And again despite the complaints of their quality, Budokan (for example) is an excellent show with clear audio and video! Bootlegs of the concert exist.
The movie shows the silent film made of the last live performance in San Francisco, with the Fabs providing commentary. George started the group’s anti-touring movement as early as the Shea stadium show, but by the time this Frisco show was finished, the other three finally agreed.
Paul McCartney has a poor cassette recording of this concert made by Tony Barrow. As bad as the sound quality (perhaps not the music) undoubted is, why didn’t he share it with the producers anyway? It can’t be any worse than the sound recording of the village fete where Paul met John …
The Mania Years were over.
For the next five minutes the movie does a recap of the Studio Years. They spend most of the time showing the evolution of “Strawberry Fields Forever” with the Beatles in their Carnaby-Street-pre-Sgt-Pepper clothing as well as clips of the party leading up to the recording of “All You Need is Love”. There is a photo montage of their last six albums.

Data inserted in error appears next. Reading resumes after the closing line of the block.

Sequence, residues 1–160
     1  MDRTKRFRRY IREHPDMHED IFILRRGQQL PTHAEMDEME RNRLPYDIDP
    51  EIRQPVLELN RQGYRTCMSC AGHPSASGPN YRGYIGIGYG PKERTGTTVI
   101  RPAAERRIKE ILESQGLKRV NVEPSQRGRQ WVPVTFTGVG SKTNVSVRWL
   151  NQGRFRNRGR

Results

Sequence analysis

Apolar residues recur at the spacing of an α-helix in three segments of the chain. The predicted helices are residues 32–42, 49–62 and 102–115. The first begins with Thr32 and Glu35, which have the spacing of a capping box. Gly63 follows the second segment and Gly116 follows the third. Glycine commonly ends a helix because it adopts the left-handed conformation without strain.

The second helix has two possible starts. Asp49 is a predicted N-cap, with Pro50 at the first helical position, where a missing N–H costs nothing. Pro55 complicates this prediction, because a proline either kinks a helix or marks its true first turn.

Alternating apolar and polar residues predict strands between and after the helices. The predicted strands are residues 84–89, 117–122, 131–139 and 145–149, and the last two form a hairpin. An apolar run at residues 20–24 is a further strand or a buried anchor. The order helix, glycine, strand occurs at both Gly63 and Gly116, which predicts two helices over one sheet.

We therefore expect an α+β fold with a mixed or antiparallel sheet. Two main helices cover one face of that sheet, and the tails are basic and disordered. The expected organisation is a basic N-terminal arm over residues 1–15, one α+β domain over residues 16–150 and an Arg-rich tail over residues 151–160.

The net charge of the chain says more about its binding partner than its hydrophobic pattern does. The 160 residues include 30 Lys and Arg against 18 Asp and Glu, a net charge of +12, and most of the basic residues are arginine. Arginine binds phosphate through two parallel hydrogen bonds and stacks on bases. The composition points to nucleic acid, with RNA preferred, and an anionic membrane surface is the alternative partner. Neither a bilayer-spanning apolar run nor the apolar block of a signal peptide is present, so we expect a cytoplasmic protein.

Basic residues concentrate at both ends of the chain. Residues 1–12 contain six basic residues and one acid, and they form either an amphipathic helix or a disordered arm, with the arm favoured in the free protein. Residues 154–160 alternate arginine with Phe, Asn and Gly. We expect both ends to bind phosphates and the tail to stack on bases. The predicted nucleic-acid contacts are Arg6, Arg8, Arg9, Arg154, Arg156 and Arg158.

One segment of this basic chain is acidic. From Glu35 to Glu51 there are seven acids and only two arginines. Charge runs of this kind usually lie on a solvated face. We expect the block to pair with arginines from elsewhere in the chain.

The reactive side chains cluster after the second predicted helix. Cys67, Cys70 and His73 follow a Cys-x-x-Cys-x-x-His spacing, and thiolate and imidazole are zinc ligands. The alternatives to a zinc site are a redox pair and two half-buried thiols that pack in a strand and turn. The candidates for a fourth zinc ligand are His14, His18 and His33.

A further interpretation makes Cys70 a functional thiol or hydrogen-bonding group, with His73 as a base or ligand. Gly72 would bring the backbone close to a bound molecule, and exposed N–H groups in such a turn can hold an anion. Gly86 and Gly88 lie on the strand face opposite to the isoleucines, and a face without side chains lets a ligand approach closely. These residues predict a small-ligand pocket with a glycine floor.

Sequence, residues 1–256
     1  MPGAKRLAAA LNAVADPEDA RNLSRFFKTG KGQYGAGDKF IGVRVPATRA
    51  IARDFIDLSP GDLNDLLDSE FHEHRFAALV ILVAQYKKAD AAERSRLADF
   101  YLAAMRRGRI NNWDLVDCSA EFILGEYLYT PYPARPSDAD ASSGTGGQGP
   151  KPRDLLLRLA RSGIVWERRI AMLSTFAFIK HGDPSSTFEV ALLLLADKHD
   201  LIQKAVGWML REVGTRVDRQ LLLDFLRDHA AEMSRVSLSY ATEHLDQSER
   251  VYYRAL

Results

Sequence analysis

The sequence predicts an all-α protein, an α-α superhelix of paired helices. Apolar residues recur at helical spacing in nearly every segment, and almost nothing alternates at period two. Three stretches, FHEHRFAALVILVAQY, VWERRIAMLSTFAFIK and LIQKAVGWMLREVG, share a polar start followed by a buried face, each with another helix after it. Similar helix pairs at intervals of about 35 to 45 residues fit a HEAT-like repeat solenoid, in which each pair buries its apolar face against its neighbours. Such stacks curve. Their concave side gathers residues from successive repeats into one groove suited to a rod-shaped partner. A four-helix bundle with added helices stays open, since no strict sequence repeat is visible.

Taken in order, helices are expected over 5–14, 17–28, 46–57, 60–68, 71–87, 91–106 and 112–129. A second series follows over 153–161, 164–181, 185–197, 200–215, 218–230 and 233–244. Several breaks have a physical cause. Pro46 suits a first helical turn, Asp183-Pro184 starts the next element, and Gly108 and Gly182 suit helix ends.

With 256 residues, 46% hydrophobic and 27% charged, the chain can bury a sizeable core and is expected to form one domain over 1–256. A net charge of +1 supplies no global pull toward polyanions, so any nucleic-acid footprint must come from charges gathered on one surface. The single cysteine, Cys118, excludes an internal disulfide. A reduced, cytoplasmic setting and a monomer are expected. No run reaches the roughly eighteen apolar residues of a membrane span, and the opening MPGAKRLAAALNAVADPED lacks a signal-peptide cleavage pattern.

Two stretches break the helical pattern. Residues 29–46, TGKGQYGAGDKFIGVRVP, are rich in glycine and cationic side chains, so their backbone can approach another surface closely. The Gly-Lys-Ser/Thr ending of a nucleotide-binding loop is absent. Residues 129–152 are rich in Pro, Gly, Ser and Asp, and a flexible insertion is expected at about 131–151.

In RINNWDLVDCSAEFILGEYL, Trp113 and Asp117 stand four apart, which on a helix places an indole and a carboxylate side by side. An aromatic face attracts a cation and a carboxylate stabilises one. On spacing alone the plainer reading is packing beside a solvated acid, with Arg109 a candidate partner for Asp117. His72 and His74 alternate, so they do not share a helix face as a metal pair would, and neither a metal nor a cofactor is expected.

A placard tells us of one last live performance on the rooftop of Apple Records in January 1969.
Three songs performed at the rooftop concert concluding “Let It Be” complete the film. The clips are clear, clean and sound fantastic! Despite assurances that everything Apple Corps is resolved we STILL do not have “Let It Be” in DVD. Why? I’m glad this movie managed to get permission to use more than just a brief clip: we hear nearly the entirety of “Don’t Let Me Down”, for example. Although “Let It Be” is available as a bootleg, it will be nice to finally get a clean copy.
“Eight Days a Week” is an excellent primer on the Beatles, their music and their live performances, along with the good and bad that came with it. It focuses on only one part of the Beatle mythos but does so thoroughly.
For other events during the Mania Years – or the Early or Studio Years – you may have to rely on documentaries such as “the Compleat Beatles” or “the Beatles Anthology”. Like those, “Eight Days a Week” is something of a white-washed version. For more dirt you may have to rely on books such as Cynthia Lennon’s books on John or former insider Peter Brown’s “The Love You Make”, of which Beatles insiders protesteth too much; if you know what I mean. Ron DiLello’s “The Longest Cocktail Party” is a rollicking fun read on the Fabs’ Apple Corp. The recent “Paul McCartney: A Life” by Phillip Norman is another warts-and-all biography. I am currently listening to the audio book and will review that in a few weeks.